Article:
Confusion trails alleged execution of 6 soldiers by Nigerian Army

A coalition of civil society groups has alleged that the Nigerian Army secretly executed six soldiers at the Abacha Barracks, in Abuja, on January 25, 2021.

The ‎Eastern Nigeria’s Rights and Intelligentsia Coalition, in a statement released on February 2, 2021, said it had incontrovertible evidence that the ‎soldiers, who were attached to the Armory Department of the Nigerian Army, Abacha Barracks, Abuja, “were secretly executed under the instruction of now-retired Lt Gen Tukur Yusuf Buratai, a day before he left office on Tuesday, 26th January 2021‎‎.”

The said soldiers –  Prince Ukwuoma, Ebube Isaiah, Amos Azubuike, Ekene Ebere, Moses Anyim and Godwin Uchendu – were allegedly executed after a military court-martial, according to the CSOs coalition.

But the Nigerian Army denied the allegation when contacted by The ICIR on Tuesday, February 2, 2021.

The coalition, in the statement, said it obtained information concerning the alleged executions from E. R. Okoroafor, a human rights lawyer.

Okoroafor ‎said he was “contacted by one of the slain soldiers through his family to defend them in the trumped-up charges, executed using hazy and clandestine military court-martial.”

‎The lawyer, according to the coalition, disclosed that the execution was connected to allegations of missing weapons at the Abacha Barracks.

Quoting Okoroafor, the statement issued by the coalition said, “‎Sometime in September 2020, an allegation of missing weapons was made at Abacha Barracks and it was immediately traced to a senior colonel (of Hausa-Fulani origin) and instead of the chief of army staff (Buratai) to issue query and sanction the colonel, he exonerated him on the grounds of his tribe and religion.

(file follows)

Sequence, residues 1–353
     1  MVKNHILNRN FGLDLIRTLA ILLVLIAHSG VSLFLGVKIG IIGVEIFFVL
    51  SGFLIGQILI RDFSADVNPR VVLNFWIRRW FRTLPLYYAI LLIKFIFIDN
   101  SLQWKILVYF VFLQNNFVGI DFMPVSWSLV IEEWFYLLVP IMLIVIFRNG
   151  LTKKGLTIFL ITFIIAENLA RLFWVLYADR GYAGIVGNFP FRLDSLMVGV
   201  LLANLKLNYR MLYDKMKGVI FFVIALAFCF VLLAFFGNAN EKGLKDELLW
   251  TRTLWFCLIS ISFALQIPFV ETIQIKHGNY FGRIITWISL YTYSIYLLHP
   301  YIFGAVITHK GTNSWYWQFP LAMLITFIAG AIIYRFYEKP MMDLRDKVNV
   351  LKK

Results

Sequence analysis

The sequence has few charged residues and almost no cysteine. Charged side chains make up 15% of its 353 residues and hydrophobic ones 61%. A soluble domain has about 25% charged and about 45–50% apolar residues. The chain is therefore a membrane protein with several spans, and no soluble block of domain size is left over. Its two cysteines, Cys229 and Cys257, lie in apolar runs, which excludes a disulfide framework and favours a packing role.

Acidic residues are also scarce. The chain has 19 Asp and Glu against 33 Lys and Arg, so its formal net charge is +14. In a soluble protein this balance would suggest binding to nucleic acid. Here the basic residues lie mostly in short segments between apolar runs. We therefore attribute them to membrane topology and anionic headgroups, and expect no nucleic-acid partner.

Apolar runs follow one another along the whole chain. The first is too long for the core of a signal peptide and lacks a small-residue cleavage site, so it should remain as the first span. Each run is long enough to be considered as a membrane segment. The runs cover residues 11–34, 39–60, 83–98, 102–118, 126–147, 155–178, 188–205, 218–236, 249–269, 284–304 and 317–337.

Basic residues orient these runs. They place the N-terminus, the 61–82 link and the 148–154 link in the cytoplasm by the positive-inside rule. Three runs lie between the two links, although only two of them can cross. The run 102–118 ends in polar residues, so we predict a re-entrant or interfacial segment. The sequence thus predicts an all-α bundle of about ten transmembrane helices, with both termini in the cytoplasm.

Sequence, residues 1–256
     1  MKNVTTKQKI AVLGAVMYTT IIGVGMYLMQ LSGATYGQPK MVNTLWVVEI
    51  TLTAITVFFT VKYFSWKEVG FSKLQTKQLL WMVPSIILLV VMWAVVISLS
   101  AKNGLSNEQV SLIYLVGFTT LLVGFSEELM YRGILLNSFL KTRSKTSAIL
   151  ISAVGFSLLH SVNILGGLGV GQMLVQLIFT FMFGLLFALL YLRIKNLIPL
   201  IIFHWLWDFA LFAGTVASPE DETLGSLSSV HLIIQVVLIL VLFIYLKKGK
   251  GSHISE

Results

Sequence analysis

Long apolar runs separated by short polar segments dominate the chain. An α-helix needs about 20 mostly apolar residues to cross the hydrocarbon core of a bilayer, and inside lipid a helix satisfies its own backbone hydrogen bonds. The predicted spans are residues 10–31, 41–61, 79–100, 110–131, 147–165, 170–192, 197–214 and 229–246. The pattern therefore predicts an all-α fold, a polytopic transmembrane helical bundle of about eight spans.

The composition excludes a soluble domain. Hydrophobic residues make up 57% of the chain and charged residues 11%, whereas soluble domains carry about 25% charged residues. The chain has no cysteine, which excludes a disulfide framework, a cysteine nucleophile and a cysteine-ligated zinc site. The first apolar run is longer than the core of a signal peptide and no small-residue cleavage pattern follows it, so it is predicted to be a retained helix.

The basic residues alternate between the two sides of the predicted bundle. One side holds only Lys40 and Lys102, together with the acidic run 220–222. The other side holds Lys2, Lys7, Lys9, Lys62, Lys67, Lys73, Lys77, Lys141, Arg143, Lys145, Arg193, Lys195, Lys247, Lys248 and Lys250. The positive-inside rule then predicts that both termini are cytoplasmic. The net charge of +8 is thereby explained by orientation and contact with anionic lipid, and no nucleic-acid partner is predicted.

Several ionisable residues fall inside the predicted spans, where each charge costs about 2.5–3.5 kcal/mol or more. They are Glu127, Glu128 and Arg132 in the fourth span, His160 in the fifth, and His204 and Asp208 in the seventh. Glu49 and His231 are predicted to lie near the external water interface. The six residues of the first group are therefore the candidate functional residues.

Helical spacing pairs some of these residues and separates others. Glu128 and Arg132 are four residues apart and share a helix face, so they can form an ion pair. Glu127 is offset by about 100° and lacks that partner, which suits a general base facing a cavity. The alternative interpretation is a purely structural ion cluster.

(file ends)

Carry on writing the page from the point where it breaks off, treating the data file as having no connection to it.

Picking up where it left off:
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“The COAS turned around and ordered for the arrest of 12 soldiers guarding the armory, comprising six Igbo soldiers, three Yoruba soldiers and three Fulani-Hausa soldiers. In the end, the latter soldiers were shielded and exonerated under questionable circumstances and the six Igbo soldiers made to face secret court martial during which they were blocked and prevented from having access to their families and defense lawyers of their choice.”‎

‎Okoroafor also told the CSOs that his attempts to stand in for the soldiers were stiffly opposed and he was flimsily told by the Army’s Legal Department that “civilian lawyers are not allowed to defend the accused soldiers except military lawyers.”

“Their trial was totally shrouded in secrecy and never disclosed to the public through army statements till date. Likewise, their constitutional right of appeal to Court of Appeal and Supreme Court was also totally denied. The persecuted and executed soldiers protested their innocence to the point of tendering their resignation in protest; all to no avail,” the statement further said. ‎

The statement was jointly signed by ‎‎Emeka Umeagbalasi, International Society for Civil Liberties and Rule of Law‎; Anthony Ejiofor, World Igbo Congress (USA);‎ Uzodimma Nwala, Ala-Igbo Development Foundation (ADF)‎; Justice Chidi, Concerned Elites for Better Society Initiative; Justin Akujieze, Ekwenche Research Institute (USA);‎ Moses Nwaigwe, Biafra Genocide Survivors Group (USA); ‎Austin Okeke, Igbo Board of Deputies (UK); ‎Kanayo Odeluga, Igbo League, Inc.(USA);‎ Mercy Alu, International Association of African Authors and Scholars (USA);‎ Onyenkachi Orjiako, International Society for War Against Lawlessness (USA); ‎Okezie Kelechi, Neighborhood Environment Watch Foundation and Jerry Chidozie Chukwuokoro, International Solidarity for Peace and Human Rights Initiative.